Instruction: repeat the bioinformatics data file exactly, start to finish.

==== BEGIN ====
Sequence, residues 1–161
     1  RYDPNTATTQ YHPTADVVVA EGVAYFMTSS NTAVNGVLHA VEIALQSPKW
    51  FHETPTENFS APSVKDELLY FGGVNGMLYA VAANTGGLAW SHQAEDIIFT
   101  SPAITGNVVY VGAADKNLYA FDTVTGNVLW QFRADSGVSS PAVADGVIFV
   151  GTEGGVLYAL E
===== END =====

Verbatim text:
Sequence, residues 1–161
     1  RYDPNTATTQ YHPTADVVVA EGVAYFMTSS NTAVNGVLHA VEIALQSPKW
    51  FHETPTENFS APSVKDELLY FGGVNGMLYA VAANTGGLAW SHQAEDIIFT
   101  SPAITGNVVY VGAADKNLYA FDTVTGNVLW QFRADSGVSS PAVADGVIFV
   151  GTEGGVLYAL E